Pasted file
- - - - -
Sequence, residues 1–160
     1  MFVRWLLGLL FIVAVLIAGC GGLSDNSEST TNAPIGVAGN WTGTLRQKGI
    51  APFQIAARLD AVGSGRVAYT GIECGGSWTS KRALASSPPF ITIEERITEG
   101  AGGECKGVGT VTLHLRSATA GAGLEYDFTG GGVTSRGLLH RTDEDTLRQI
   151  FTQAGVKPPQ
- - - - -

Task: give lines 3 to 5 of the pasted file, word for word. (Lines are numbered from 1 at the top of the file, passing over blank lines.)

    51  APFQIAARLD AVGSGRVAYT GIECGGSWTS KRALASSPPF ITIEERITEG
   101  AGGECKGVGT VTLHLRSATA GAGLEYDFTG GGVTSRGLLH RTDEDTLRQI
   151  FTQAGVKPPQ